As I rolled over to pull myself up I saw it.
In the distance.
Just on the horizon. A silhouette, a shadow, of someone- or something.
I was on my feet in moments, stumbling for the cockpit and looking back the whole time. There was a handgun in the command unit. It was an ancient ballistic piece, no energy cells or plasma dischargers, though it did have a small stun battery mounted below the barrel. It might be unnecessary, but I couldn't shake that watched feeling I had earlier. Grabbing it, I took off towards the figure.
I judged it to be a mile or so off, I could easily reach it within ten minutes. Could this be another shuttle survivor? Did The Promise manage to crash-land on the surface? I'd know soon enough, and either way it could mean I would have an easier times with repairs.
I'd been running for about four or five minutes when something strange happened. The form, which displayed no movement or anymore life than the surrounding environment simply melted away. It was as if the solitary figure had been sucked into the dead lake. I slowed to a stop. I had adequate water, plenty of food and oxygen- I was sure I wasn't hallucinating. There had been something there. I was positive.
Perplexed, I began walking back to the shuttle, looking back every few steps even though the shadow did not reappear. I resolved to push the matter from my mind. The crane had unloaded sufficient materials before breaking to allow me to make at least rudimentary repairs. Whatever that had appeared on the horizon had no way to sneak up on me in the endless daylight and my shuttle could be easily sealed while I rested. I was both safe and confident I could finish my work in time.
These happy thoughts continued only until I reached the shuttle.
What the hell?
I was not alone. Someone had smeared my shuttle with soil from the lakebed, and then pressed their hands onto it, leaving greasy and muddy handprints all over the hull, the repair materials, the ladder to the cockpit, and the access hatch to the pilot's bubble. The hatch. I hadn't locked it.
I drew my weapon, turning on the stun battery and routing the trigger to it. Bullets flying in the command unit would set my repairs back. I pulled slowly up the ladder, and then with a burst of speed pulled open the hatch and surveyed the cabin at gunpoint. Empty. I swung in and double checked. Utterly lifeless. I opened the life-support hatch to check in the small living quarters. Likewise, life-support was deserted. With the cargo hold missing, there was nowhere else to go from here, so whoever had broken in had subsequently left.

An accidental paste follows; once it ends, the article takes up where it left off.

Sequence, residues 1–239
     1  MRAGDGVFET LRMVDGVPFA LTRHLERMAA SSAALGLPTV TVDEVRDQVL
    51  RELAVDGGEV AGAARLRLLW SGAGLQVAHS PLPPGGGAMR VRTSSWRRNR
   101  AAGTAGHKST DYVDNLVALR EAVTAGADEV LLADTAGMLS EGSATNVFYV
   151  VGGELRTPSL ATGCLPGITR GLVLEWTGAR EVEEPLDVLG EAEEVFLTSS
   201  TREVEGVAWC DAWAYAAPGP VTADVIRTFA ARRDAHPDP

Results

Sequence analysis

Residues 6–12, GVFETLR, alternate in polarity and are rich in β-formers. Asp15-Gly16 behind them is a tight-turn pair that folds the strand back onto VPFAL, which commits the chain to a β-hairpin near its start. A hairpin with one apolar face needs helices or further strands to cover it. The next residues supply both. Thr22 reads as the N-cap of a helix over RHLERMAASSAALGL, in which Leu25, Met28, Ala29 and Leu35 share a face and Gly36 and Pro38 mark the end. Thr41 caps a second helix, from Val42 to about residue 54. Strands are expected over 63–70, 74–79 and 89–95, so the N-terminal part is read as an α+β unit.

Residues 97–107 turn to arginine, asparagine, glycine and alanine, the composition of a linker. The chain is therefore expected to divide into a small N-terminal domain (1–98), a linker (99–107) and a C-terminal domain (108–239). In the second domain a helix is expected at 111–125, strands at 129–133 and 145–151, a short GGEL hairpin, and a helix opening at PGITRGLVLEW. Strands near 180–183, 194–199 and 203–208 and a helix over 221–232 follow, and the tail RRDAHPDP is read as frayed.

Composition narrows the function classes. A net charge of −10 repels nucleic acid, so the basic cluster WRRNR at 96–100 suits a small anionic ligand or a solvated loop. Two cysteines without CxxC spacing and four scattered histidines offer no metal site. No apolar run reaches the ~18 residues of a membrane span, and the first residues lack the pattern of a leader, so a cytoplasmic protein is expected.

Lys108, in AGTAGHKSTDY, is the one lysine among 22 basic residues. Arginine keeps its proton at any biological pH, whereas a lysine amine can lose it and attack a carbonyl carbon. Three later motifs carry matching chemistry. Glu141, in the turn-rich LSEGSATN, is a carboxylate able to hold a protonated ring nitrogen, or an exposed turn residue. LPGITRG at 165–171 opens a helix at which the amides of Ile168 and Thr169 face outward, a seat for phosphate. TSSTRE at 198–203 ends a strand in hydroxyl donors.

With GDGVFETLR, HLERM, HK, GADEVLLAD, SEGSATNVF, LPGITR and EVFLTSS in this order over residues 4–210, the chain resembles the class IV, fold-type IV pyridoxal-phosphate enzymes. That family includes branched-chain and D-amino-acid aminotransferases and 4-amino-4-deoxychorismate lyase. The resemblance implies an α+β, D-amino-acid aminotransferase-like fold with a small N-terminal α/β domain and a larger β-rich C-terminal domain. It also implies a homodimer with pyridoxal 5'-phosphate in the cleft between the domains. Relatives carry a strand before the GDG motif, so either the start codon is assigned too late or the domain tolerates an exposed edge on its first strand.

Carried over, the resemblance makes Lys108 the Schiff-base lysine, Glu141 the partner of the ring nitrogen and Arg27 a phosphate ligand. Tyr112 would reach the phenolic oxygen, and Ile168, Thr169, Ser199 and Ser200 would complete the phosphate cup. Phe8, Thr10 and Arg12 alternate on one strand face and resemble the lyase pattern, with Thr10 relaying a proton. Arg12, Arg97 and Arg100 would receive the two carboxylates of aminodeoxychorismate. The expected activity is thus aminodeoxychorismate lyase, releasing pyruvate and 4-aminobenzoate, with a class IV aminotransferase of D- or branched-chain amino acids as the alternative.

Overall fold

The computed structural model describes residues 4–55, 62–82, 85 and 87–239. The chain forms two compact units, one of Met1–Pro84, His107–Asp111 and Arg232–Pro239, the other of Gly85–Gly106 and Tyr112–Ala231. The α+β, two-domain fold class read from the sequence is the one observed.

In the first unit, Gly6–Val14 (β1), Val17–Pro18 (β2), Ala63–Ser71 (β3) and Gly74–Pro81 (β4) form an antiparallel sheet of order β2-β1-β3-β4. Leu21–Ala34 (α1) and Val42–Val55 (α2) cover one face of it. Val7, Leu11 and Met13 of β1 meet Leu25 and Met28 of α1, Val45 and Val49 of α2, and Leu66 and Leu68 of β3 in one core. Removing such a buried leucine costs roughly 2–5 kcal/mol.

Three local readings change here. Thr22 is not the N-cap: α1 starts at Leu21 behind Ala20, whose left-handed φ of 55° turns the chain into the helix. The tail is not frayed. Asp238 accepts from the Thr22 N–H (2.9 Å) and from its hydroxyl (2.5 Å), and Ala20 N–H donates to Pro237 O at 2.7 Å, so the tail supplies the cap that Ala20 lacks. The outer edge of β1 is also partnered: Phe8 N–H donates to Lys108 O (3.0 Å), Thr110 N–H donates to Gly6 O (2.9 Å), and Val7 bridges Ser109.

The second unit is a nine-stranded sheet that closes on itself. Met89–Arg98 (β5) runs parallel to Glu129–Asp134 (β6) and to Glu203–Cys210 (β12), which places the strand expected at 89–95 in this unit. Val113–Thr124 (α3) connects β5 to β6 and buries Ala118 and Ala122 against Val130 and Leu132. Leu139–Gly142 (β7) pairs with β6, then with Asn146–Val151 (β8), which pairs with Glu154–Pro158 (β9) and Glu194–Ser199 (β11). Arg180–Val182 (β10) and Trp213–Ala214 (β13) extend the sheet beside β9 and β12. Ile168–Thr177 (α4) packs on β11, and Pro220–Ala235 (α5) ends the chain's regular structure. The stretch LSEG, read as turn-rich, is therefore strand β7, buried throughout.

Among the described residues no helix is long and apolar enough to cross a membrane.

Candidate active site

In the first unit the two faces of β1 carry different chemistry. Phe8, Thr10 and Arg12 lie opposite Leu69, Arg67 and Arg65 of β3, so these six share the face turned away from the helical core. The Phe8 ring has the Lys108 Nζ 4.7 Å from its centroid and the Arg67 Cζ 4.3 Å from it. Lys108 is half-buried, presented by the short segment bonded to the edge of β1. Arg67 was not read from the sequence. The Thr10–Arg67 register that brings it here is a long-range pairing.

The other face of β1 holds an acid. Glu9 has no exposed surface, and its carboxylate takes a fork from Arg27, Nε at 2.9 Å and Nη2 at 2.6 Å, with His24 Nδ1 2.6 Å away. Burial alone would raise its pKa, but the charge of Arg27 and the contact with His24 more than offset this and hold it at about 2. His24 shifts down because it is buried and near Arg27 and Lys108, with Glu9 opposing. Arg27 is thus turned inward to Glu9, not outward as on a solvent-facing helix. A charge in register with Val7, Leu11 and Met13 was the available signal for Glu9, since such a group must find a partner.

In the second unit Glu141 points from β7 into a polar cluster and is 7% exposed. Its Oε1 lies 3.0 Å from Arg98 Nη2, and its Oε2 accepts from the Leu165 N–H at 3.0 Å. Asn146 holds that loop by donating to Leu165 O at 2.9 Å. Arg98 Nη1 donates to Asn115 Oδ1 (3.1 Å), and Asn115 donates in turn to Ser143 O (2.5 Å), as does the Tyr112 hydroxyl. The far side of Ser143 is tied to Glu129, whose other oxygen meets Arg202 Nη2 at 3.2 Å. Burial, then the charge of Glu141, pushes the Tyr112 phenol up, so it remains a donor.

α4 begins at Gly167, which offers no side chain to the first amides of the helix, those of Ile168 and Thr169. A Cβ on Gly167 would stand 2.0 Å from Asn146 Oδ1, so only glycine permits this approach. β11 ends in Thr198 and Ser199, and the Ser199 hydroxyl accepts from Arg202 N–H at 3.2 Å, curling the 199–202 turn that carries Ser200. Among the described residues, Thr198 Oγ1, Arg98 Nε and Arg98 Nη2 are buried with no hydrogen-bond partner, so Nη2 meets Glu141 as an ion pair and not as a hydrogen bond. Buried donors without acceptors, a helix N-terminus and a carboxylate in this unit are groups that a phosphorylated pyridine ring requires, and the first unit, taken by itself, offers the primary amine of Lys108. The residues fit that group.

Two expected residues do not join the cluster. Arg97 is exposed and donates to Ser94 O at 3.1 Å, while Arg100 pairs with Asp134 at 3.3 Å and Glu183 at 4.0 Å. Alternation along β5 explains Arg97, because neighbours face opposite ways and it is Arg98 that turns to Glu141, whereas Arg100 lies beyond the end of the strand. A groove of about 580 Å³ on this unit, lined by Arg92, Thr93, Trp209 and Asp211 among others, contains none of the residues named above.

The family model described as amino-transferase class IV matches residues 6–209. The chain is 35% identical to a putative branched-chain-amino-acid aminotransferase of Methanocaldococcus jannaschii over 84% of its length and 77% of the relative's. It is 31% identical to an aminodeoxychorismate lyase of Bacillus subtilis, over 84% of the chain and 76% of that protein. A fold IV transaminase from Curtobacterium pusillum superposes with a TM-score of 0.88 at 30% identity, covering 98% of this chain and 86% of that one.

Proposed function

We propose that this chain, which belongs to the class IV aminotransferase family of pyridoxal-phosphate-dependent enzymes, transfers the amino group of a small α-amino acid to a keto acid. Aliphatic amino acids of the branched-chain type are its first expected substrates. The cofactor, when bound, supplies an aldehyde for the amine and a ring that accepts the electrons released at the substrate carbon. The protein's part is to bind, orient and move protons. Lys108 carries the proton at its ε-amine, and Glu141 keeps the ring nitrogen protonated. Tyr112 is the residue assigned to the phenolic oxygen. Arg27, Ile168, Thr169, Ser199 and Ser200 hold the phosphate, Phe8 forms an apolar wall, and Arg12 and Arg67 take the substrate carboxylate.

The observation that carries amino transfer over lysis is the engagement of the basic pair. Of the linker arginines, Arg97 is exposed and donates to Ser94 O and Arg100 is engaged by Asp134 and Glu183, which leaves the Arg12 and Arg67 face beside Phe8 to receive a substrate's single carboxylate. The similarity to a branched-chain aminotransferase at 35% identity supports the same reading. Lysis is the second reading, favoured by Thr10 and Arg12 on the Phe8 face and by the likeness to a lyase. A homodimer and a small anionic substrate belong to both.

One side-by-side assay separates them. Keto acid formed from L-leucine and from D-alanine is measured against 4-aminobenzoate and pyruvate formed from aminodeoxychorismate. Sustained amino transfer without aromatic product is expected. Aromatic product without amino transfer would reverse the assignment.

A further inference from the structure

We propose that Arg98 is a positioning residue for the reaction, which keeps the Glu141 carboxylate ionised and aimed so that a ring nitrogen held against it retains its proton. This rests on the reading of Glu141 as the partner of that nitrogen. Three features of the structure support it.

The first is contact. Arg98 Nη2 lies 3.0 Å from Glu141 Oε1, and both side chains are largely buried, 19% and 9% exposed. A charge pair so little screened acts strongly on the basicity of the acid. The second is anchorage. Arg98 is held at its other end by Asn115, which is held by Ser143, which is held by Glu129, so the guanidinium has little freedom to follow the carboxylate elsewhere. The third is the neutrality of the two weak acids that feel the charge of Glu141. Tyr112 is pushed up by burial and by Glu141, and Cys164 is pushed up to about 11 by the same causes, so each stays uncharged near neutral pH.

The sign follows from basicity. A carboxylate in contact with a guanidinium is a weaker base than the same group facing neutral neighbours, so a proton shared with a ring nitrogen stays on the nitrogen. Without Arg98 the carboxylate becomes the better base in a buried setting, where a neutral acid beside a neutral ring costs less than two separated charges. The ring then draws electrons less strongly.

Unnerved, I walked back to the hatch and sealed in. I'd had enough work for a while, and my head was killing me. I needed some rest. Removing my breath-mask, I once again felt very dizzy. I decided to try the other mask after I'd had some sleep. As I laid down on the small cot in life-support I noticed that my co-pilot had left his travel-bag on the kitchenette counter. Wondering vaguely what his name had been, I feel asleep.
"You know, when this husk goes behind Gaia, you'll feel the moisture in your lungs freeze and crystallize moments before you die. All your body's energy will divert to protecting your brain. So the rest of your body will die first, and then your brain will die last. Funny, isn't it? You'll die alone, and then you'll die alone."
I jolted awake. The speaker was my co-pilot, sitting calmly on the kitchenette counter. He was still wearing the dull-white flight helmet and jumpsuit he'd been wearing on take-off, and appeared unharmed, despite being cut-loose in an atmosphere-less cargo capsule that had been struck repeatedly by debris.
"My name is Alex."
"My name is Simon."
"What are you talking about? How are you even-"
"Shut the fuck up."
I was still dizzy, and felt like things were spiraling out of control. Simon/Alex was dead. He'd been cut loose from the shuttle. He couldn't have survived. He couldn't have.